How I'm Feeling

This one isn't really for anyone but me.

I won't be linking this on Facebook or Twitter. So if you stumble across it, I suppose it's because you already follow the blog. I'm distracted. Like everyone, so sad about the passing of Robin Williams. I feel like I've lost someone I actually know personally.

I'm thankful we don't have cable television. I know if we did I'd be glued to the news, unable to break away. It's hard enough opening the internet. He is everywhere. All over my Facebook feed, as people remember him, share their favorite moments, grieve together. On every news site, every landing page. It's overwhelming, truly.

The video clips are like a moving scrapbook of my lifetime. I was 4 when Mork and Mindy debuted. I have always been a fan. His was the first stand-up comedy routine I can remember watching. There is no one who can make me snot-running-down-my-face-howling-tears-streaming laugh like he can. And he is gone. And by his own hand. How is that possible?

When the news broke, I couldn't hide my shock from my kids, who are young, 7 and 9. They don't really know who he is yet, but recognized his face as "the man from Jumanji" and his voice as "Fender from Robots - oh we love him! He's so funny! 'Tastes like chick-unnnn!'" And proceeded to run off and pop that DVD in the player and I had his voice in my head for the next hour or so.

Scrolling through his filmography, there are all the memorable movies of his - of course Aladdin, Good Will Hunting, and Dead Poet's Society - and some I had forgotten about. Awakenings for one. Insomnia for another. He was truly terrifying in that movie. And my favorite of his: Patch Adams. The fact that he AND Philip Seymour Hoffman are in that film together is really something I can't think about right now.

We are all more than the face that most people see, Robin Williams perhaps most of all. It is no secret that he struggled with a great many things, often while trying to alleviate the struggles and sorrows of  others. As more and more of the personal stories come to light, it is staggering to think of all the people he has touched. With his humor, yes. But also with his humanity. Those stories are what makes us truly feel this loss. He was a funny man. An hilarious genius that cannot be replaced and the world is a little more sober without him. No one will really ever be his brand of funny again. But that is not why we're so sad. It's because of the person he was. Not perfect, not without mistake, not saintly. Just human.

I can listen to his funny moments now - his standup, his comedies, his goofy bits. And even sad, they still can make me snot-running-down-my-face-howling-tears-streaming laugh. Amazing. But I can't watch Dead Poet's Society. Or Good Will Hunting. Or Patch Adams right now. I know I will one day. And I will have a good, long, ugly cry.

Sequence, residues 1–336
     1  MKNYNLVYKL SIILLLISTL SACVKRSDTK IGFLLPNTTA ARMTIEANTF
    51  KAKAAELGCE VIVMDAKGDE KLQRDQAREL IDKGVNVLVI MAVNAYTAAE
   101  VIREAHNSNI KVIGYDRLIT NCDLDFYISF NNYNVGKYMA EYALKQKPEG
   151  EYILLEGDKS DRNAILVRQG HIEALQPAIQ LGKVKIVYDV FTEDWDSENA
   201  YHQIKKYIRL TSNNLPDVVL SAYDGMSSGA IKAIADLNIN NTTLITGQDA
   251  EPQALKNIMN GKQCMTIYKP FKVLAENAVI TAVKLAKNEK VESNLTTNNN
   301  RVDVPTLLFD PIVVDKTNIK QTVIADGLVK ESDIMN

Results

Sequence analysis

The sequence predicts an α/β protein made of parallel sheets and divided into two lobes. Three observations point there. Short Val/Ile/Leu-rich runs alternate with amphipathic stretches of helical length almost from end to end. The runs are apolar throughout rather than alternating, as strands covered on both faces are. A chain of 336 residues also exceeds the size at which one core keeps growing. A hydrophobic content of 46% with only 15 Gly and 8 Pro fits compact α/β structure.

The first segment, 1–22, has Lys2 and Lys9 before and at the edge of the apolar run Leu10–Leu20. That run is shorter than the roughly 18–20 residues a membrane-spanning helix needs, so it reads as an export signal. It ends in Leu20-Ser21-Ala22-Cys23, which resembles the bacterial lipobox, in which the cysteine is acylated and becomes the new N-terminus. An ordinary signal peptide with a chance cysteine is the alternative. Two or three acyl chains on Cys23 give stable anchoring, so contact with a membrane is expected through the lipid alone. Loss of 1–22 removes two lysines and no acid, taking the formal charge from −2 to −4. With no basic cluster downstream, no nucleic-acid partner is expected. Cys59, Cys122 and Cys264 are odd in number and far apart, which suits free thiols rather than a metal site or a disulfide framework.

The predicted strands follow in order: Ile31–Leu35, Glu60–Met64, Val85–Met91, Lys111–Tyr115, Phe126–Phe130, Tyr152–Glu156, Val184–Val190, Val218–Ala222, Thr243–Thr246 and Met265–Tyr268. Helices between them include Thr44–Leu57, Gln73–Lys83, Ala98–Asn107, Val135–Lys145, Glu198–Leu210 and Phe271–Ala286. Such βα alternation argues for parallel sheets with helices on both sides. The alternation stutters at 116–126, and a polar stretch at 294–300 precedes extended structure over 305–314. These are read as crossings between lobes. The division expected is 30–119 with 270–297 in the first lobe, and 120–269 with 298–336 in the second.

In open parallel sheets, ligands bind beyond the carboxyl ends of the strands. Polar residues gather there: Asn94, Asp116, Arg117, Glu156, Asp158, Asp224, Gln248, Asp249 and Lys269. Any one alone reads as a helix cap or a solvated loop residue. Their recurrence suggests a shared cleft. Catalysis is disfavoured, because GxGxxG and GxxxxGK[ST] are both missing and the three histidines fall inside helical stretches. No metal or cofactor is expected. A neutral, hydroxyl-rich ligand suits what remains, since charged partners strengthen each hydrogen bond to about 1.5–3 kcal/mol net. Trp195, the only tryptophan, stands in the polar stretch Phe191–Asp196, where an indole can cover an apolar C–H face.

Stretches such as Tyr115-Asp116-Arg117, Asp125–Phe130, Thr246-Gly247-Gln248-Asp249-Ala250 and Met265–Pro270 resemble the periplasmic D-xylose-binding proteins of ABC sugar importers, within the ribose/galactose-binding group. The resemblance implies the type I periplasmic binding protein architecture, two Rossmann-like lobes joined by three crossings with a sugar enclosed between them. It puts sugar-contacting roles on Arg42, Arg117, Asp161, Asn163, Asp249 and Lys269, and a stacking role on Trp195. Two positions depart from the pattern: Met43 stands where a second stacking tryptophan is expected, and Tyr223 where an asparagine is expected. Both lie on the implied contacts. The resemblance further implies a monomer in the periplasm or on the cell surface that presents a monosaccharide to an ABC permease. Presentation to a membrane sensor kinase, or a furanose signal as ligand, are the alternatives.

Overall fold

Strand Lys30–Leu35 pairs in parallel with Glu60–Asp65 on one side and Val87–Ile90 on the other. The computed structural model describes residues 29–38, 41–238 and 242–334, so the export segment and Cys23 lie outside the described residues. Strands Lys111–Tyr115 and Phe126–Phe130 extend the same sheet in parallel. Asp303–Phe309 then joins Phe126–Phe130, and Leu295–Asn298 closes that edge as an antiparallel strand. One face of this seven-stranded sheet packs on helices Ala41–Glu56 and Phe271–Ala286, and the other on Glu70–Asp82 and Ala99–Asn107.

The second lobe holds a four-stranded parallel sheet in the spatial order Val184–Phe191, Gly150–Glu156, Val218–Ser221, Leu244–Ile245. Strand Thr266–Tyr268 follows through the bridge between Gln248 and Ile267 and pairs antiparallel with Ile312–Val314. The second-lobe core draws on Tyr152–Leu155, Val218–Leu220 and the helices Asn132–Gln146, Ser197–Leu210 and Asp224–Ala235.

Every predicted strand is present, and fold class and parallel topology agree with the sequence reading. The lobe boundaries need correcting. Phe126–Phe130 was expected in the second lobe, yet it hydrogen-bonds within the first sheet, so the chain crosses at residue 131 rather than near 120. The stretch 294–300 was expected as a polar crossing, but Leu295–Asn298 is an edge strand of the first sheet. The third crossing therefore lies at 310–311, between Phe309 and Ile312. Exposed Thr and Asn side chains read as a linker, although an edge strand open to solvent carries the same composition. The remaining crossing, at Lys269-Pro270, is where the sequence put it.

I have a friend, Ryan, who was a little more brave than me and tried watching Good Will Hunting the evening that the news broke. This was on his Facebook feed the next morning. He said we have permission to share:

Going back to last night, I tried to watch, but couldn't finish, Dead Poet's Society. I've seen this movie at least 20 times, and am always the better for it. About every third viewing, I tend to sigh and wish, as I'm sure most of us do, that I had a teacher like Robin Williams. But last night, I realized for the first time, that I did have a teacher like Robin Williams. It was Robin Williams.




Shannon C said…
Allison, I feel just like you do. How could someone so happy on the outside be so sad on the inside that he felt he could not live. I understand depression- my mom suffers BADLY from it and doesn't get the helps she needs, and it shows. He tried to get help and I am sure the best help out there and it didnt work. I just cant understand this. He was amazing- I loved the Bird Cage - it is my favorite movie he did and Patch Adams that had me cry loudly in the theater as I watched it. He touched SO many lives. I am disgusted they had to release the details of this death, can NOTHING be private? They would have list those details for the average person that took their life. Let his memory be a good one a happy one, not filled with horrid details of the end. He will be missed. NANU NANU Mork!
I can't even imagine how hard it is to live with something as crushing as depression. The fact that he was able to give so much of himself in such a funny way while feeling the way that he did much of the time is truly amazing. I know that he will be remembered well by his fans. I do wish, however, that they naysayers would just be sensitive to his family and be respectful of his memory.

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